Pierre Joseph Redoute is arguably the most renowned floral illustrator in history. He painted plants in the royal gardens of Paris using a technique of applying color to etchings by hand. His etchings were vibrant and detailed.
His talent got him noticed and he soon attracted the attention of Queen Marie Antoinette who selected Redoute to decorate the walls of her small palace.
Redoute’s most famous patron was Empress Josephine, Napolean Bonaparte’s first wife. In 1798, Josephine Bonaparte set out to create a garden unlike any other in Europe. She built this garden at her country palace, the Chateau de Malmaison.
During Josephine’s day, the garden at Malmaison had over 250 varieties of plants and 200 types of roses. Josephine invited Pierre Joseph Redoute to paint pictures for Malmaison.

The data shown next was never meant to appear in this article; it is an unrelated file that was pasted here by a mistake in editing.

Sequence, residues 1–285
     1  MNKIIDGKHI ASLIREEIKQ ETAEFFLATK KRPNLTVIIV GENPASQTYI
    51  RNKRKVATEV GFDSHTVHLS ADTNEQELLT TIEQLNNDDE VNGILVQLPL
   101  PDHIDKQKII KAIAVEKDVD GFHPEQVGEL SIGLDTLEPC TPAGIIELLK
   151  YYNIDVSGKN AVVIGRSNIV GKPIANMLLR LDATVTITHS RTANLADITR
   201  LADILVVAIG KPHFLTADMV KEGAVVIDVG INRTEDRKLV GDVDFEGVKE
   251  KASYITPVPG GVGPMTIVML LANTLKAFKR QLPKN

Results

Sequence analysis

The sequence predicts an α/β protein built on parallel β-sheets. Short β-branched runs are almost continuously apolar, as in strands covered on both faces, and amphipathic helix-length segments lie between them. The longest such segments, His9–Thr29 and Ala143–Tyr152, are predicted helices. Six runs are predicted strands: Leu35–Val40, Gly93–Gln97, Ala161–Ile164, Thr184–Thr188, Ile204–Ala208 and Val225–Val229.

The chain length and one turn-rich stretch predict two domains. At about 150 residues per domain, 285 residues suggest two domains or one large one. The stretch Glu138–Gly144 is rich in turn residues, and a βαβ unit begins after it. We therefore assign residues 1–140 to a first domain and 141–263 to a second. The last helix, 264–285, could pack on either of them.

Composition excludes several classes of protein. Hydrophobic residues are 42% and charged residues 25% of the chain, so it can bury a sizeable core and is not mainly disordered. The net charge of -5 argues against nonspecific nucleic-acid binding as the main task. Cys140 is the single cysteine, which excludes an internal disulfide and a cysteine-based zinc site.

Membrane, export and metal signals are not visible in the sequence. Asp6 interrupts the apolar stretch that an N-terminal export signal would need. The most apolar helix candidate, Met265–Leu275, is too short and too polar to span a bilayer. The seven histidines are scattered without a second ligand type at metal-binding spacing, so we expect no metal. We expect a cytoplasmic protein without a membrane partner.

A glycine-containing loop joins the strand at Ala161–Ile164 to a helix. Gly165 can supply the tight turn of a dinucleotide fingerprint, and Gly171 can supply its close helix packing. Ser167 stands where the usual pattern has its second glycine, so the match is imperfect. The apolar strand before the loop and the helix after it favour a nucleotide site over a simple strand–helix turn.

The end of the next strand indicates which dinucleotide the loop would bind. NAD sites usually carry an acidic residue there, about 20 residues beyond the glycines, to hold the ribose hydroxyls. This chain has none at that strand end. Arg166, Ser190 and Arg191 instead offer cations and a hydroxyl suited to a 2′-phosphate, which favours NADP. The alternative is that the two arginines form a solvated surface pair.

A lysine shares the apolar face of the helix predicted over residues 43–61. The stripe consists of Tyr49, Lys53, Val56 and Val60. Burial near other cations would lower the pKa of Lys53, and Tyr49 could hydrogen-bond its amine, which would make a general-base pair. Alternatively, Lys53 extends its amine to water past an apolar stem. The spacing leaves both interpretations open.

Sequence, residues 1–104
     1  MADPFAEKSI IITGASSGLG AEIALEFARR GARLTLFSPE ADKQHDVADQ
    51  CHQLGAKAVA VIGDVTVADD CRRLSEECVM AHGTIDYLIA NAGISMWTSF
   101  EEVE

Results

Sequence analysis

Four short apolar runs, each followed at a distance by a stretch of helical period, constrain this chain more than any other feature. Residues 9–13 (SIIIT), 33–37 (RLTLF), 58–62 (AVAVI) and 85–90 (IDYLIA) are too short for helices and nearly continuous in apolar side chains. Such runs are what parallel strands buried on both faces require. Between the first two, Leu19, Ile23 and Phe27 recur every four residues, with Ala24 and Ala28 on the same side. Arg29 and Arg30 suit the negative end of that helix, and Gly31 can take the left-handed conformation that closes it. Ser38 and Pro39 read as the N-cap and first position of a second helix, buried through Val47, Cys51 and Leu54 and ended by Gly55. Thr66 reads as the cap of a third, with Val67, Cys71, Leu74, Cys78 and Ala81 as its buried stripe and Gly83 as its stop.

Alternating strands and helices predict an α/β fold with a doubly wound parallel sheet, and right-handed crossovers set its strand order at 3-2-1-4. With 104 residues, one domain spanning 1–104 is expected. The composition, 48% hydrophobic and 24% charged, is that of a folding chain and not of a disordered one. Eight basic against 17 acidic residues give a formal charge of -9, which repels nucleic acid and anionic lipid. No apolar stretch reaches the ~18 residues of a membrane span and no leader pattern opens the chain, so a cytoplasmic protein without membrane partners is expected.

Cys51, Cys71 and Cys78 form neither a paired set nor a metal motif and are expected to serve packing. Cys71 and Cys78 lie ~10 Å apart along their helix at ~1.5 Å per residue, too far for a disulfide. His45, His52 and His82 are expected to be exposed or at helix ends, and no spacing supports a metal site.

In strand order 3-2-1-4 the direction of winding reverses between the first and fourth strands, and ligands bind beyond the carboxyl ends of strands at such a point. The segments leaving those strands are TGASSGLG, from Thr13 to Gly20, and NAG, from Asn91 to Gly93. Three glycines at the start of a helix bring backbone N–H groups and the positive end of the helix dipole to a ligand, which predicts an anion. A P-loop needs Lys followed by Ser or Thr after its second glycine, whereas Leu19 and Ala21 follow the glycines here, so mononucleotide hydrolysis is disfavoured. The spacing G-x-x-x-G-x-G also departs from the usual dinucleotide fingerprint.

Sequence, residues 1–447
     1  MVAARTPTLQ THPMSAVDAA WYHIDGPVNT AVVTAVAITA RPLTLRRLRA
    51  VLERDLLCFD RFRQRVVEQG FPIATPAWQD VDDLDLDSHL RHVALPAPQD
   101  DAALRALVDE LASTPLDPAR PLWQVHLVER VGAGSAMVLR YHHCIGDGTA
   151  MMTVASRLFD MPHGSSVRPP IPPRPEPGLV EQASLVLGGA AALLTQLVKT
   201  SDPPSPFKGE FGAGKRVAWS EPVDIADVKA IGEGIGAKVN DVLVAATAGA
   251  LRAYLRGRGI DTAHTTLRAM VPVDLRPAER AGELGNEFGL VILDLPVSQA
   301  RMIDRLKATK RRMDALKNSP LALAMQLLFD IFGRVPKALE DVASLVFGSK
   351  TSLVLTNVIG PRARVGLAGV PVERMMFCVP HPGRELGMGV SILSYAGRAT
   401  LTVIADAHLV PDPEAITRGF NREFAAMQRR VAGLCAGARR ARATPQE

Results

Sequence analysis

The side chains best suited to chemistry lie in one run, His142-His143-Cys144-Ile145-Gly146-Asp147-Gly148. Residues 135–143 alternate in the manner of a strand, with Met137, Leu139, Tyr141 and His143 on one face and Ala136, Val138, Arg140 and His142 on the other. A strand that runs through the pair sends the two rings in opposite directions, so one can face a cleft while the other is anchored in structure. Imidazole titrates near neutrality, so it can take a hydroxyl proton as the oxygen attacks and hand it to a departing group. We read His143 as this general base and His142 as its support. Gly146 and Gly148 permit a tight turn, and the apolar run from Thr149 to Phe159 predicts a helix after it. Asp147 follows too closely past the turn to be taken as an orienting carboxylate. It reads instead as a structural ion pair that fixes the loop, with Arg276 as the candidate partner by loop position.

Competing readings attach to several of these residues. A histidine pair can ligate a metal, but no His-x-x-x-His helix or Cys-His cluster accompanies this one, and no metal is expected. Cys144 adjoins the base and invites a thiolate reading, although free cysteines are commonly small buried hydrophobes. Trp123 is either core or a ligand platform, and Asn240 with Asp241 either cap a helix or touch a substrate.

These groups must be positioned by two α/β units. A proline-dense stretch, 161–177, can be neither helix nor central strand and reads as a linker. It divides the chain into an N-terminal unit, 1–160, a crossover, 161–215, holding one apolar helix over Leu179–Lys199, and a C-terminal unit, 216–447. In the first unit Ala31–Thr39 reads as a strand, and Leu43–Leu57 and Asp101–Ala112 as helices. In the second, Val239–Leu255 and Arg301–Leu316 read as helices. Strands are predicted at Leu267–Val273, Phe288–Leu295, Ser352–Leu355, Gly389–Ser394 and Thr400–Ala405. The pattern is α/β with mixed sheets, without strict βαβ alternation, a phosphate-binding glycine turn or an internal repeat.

This photo (courtesy of Wiki Commons) shows the front entrance to the Chateau de Malmaison.
Josephine was so impressed with Redoute’s talent, that she soon named him the “Painter to the Empress”. One of his most famous works was Les Roses, a collection of images of his favorite flower. Working on Les Roses gave Redoute the opportunity to visit Malmaison often.
Les Roses was published in 3 volumes between 1817 and 1824. The book contains an image of the rose “Souvenir de la Malmaison”, a rose still grown today which commemorates Josephine’s garden and the island of Martinique where she was born.
Photograph of the rose “Souvenir de la Malmaison” (photo by Lynn Hunt from an article in the Christian Science Monitor).
Pierre Joseph Redoute’s painting of the rose Souvenir de la Malmaison (pictured above) is an incredible botanical print. The painting is so realistic and detailed, it is easy to understand why he became the “Painter to the Empress”.
Below are several images from Pierre Joseph Redoute’s famous work, Les Roses. I hope you enjoy these images as much as I do. I think they are simply amazing!
Rose Centifolia foliacia
Rosa gallica flore giganteo
Rosa Alba Regalis
Rosa Gallica Pontiana
Rose Damascena Celsiana
Rosa Indica Fragrans